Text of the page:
Thursday, March 24, 2011
THE HELEN MORGAN STORY
THE HELEN MORGAN STORY (1957). Director: Michael Curtiz.
"I always get involved with men who are wrong for me."
Set against a back drop of the 1920's, prohibition, and the depression, this tells the "true" story of torch singer Helen Morgan (Ann Blyth), her rise to fame, her appearance in Show Boat, and her romantic entanglements with two men, bootlegger Larry Maddux (Paul Newman) and wealthy married lawyer Russell Wade (Richard Carlson), as well as her battles with alcoholism and her despiar over her faded career. This entertaining, well-acted picture, well-directed by Michael Curtiz and beautifully photographed by Ted D. McCord, boasts lots of atmosphere as well, but it lacks three-dimensional characters. Filmed in CinemaScope [and black and white], the film has only one major close up of Blyth [and one of Newman]. Curtiz guided Blyth to a fine performance as the venal Veda in Mildred Pierce, and she gives a superlative interpretation of Morgan in this picture. [After Mildred Pierce, Blyth appeared in a number of films, often musicals, none of which made a lasting impression. Despite her fine performance and obvious ability to carry a picture -- Newman really has only a supporting role -- The Helen Morgan Story was her last theatrical film; she did only TV work thereafter.] Newman is fine as Larry, and there are good supporting performances from Cara Williams and Alan King. Gene Evans of The Giant Behemoth and Park Row plays another bootlegger, and Ed Platt of Get Smart is a government man. I believe Blyth's singing was dubbed by an uncredited Gogi Grant, who does a superb job with "The Man I Love" and other great standards. Other movies about alcoholic singers include Smash Up and I'll Cry Tomorrow, both starring Susan Hayward. In real life Morgan was married three times (and gave up a baby for adoption) but in this film she just pines for Larry and never gets married.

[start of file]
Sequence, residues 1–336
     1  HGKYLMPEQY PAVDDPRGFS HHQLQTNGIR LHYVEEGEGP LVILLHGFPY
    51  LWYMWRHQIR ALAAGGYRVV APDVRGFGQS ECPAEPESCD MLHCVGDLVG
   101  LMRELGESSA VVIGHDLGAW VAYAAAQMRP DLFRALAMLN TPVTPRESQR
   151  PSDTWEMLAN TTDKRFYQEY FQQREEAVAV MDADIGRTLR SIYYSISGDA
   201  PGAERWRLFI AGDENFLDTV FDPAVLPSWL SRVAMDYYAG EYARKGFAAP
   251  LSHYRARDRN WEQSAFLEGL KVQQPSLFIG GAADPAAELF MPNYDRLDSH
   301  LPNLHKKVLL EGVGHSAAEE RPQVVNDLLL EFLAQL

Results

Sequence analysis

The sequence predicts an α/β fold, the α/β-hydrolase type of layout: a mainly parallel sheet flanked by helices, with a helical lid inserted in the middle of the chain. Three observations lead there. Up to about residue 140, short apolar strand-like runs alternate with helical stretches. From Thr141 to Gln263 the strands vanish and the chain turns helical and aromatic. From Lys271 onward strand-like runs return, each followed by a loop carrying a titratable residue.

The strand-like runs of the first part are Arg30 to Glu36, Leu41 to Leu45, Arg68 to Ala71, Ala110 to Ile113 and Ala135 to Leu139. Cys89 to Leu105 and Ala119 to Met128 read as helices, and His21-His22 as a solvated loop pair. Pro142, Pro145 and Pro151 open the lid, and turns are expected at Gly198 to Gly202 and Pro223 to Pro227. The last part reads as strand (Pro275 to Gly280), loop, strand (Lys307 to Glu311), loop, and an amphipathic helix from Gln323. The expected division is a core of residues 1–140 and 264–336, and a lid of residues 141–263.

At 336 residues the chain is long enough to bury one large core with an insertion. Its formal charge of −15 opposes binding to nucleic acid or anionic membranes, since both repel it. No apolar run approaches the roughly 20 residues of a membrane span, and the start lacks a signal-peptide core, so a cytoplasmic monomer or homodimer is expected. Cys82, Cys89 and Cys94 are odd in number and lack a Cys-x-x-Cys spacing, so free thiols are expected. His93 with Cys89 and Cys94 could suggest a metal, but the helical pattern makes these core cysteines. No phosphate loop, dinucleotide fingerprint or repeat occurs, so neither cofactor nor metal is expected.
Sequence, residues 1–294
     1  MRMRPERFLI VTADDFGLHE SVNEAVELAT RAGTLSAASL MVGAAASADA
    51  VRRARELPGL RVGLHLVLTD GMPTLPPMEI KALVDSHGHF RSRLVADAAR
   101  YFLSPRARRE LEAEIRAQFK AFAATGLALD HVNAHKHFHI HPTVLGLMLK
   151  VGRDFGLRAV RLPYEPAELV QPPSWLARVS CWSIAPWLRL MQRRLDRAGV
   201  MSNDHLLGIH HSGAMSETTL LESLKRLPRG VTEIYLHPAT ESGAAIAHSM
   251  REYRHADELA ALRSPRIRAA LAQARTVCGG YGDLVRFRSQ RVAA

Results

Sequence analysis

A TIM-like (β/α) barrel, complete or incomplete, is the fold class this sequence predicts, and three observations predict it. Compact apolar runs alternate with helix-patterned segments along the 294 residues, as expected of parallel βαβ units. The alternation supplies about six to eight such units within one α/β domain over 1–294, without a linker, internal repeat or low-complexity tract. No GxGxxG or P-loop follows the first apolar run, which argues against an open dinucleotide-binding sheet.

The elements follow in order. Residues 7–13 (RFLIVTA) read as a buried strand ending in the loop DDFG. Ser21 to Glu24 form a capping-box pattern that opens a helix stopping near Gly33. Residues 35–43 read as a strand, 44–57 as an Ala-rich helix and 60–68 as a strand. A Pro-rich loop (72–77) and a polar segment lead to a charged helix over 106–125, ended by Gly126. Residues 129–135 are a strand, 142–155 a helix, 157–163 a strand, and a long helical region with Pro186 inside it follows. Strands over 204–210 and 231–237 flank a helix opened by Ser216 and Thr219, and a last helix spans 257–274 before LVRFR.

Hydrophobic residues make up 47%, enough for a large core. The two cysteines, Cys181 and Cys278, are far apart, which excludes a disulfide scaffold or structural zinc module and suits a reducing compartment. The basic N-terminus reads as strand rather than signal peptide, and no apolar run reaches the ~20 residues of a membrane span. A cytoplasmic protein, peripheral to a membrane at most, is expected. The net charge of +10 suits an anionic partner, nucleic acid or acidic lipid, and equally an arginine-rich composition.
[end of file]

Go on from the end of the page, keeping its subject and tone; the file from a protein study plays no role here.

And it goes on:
Verdict: Classy biopic but take with a grain of salt, especially the ending. ***.